By Scott Lucas -June 3, 2017 – EAWORLDVIEW – “If the progress made by the international military coalition in the fight against ISIS in Syria is to endure, it will be critical to engage local communities.”
In a research paper for Chatham House, “Lessons from Atarib“, Haid Haid evaluates local community resistance to extremist groups in Syria. Haid uses the case of Atarib in Aleppo Province to demonstrate how that resistance can succeed, provided there is support from outside:
If the progress made by the international military coalition in the fight against ISIS in Syria is to endure, it will be critical to engage local communities, and to forge a clear, comprehensive and participatory strategy that takes account of specific community dynamics, sets the protection of civilians as a priority, and addresses the deep-rooted political, economic, social and cultural issues that have seen extremist groups rise and flourish. Strong local communities that are empowered to create their own alternatives and solutions will have the incentive to fight for them.
The introduction of the paper:
In response to the rapid capture by Islamic State of Iraq and Syria of large areas of territory in Syria and Iraq in the second half of 2014, the US administration of Barack Obama led efforts in mobilizing international, regional and local partners to cooperate in confronting the group. But while the US-led anti-ISIS campaign – the conduct of which has been broadly unchanged in the early months of the Trump presidency – has succeeding in degrading ISIS’s strength on several levels, gains have generally been more tactical than strategic. This limited progress can be attributed to an overwhelming focus on military goals and a failure to take full account of the conditions that allowed ISIS to flourish as Syria descended into civil war. Among the consequences of the strategy hitherto has been to drive some locals closer to ISIS, and to render others indifferent to resisting or fighting the group. The US-led campaign thus lacks popular partners from the local communities, and fails to set out post-ISIS mechanisms to rehabilitate and reintegrate the group’s former members. In the absence of such mechanisms, it appears that other radical groups, notably the ideologically similar Jabhat al-Nusra, have taken up former ISIS fighters and supporters – some of whom have switched allegiance either for their own protection or because al-Nusra is perceived as their only option.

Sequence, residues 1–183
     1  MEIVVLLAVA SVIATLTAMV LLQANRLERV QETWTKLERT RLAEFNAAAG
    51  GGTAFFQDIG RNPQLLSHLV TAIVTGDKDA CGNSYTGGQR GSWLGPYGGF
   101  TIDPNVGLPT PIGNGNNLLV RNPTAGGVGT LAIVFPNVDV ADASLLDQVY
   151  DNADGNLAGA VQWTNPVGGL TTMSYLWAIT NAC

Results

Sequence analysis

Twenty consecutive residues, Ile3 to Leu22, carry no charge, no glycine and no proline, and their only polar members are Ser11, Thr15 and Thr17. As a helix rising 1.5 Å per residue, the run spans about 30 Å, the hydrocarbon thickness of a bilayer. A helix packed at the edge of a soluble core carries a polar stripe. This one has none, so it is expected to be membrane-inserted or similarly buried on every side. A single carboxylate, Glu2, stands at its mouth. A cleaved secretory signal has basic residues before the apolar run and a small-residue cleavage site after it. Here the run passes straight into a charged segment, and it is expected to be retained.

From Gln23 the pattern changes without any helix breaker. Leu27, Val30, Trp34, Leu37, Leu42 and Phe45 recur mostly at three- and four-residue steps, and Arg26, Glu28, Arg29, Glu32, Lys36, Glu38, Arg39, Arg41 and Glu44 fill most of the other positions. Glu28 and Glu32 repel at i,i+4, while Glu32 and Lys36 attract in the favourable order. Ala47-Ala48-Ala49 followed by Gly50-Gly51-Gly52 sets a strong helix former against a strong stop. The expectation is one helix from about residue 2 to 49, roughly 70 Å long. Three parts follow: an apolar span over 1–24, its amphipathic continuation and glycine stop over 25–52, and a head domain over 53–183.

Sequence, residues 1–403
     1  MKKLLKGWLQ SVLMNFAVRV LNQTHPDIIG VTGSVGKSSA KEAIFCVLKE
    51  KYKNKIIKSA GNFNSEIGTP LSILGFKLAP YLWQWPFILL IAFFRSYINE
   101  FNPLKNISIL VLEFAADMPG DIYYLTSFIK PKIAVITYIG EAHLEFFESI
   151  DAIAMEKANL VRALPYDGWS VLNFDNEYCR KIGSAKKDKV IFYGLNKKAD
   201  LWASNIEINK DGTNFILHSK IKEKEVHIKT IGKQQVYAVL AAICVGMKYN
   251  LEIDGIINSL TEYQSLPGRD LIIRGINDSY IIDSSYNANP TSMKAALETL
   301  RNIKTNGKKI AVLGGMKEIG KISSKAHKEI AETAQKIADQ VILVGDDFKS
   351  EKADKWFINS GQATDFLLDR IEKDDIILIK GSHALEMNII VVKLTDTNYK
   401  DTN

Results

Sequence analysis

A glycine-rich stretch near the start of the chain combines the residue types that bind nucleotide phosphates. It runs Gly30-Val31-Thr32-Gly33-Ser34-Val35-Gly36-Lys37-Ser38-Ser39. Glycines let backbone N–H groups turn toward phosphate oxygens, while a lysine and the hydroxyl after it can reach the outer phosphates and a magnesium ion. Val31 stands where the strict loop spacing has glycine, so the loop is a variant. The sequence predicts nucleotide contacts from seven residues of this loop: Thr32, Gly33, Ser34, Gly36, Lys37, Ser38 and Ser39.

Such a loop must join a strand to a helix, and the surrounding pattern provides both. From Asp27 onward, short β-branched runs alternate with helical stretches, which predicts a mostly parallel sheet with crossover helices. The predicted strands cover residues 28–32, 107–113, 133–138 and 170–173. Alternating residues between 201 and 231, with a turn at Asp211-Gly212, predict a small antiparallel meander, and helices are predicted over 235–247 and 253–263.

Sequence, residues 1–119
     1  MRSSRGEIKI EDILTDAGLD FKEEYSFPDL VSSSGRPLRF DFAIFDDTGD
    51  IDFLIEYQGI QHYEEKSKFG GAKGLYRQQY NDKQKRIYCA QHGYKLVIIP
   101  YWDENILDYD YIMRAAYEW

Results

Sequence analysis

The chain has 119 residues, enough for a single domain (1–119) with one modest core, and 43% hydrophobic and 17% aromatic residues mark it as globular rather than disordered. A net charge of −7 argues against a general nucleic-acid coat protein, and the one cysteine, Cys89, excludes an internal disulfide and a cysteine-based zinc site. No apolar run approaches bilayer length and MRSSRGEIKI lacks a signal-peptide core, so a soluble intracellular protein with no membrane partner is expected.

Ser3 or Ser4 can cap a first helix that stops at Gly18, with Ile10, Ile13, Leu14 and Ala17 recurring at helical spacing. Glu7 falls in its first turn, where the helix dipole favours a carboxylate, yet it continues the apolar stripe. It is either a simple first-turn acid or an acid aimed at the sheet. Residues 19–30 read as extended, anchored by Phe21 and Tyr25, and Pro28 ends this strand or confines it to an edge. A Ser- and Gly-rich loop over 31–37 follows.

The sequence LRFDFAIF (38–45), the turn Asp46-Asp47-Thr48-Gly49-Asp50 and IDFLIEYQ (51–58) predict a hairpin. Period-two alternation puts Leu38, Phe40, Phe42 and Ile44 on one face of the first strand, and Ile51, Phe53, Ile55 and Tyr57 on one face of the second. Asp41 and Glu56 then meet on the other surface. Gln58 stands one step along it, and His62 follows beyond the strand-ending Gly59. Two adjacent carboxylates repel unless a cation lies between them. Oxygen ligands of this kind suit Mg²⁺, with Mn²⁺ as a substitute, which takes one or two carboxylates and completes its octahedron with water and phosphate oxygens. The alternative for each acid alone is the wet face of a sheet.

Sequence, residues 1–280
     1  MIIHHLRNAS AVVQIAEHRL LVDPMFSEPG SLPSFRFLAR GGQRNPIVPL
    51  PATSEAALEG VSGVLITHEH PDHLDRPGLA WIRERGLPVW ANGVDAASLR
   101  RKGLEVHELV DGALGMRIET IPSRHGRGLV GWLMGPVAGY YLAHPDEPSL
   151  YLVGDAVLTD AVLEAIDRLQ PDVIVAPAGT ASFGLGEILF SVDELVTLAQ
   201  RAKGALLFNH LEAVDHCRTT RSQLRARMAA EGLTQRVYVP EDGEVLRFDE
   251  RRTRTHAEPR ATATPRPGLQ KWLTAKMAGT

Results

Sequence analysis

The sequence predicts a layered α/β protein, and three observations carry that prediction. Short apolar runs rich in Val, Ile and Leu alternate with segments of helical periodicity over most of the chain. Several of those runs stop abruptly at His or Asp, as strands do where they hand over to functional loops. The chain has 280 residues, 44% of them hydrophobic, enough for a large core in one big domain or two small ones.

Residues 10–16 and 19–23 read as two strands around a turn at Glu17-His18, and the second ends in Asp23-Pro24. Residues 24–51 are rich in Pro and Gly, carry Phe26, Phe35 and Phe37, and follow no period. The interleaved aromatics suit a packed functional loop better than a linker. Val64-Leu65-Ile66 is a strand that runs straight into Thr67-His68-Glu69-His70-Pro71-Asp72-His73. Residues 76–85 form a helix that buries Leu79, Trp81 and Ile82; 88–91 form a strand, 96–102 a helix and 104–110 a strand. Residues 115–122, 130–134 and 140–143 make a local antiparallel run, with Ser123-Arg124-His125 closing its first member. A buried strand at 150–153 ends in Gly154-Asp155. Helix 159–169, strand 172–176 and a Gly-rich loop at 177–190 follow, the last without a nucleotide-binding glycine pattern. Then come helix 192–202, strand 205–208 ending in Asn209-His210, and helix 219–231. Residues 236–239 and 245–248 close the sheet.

If the progress made in the fight against ISIS in Syria is to endure, it will be critical to engage local communities. There is evidence that, even before the start of the US-led anti-ISIS campaign, some Syrian local communities were able to resist ISIS. In early 2014, notably, local Syrian rebel groups achieved significant success in pushing ISIS out of much of western Syria (including Idlib governorate, Aleppo city, and the northern and western countryside of Aleppo governorate) quickly and without much external support, after local resentment towards ISIS’s actions – including kidnappings, torture and the targeting of activists and opposition leaders – had built up over the preceding months.
This paper examines the local community resistance to ISIS in the city of Atarib, in Aleppo governorate, where a coordinated uprising of local armed groups and civilians was able to resist a takeover by ISIS at the beginning of 2014. The uprising followed a gradual build-up of tensions between ISIS, which had established itself in Atarib during 2013, and the local community, as ISIS intensified its efforts to impose its authority over the city and its residents. The group’s defeat in Atarib subsequently encouraged other armed groups to join the fight, and together they were able to push ISIS out of the surrounding region.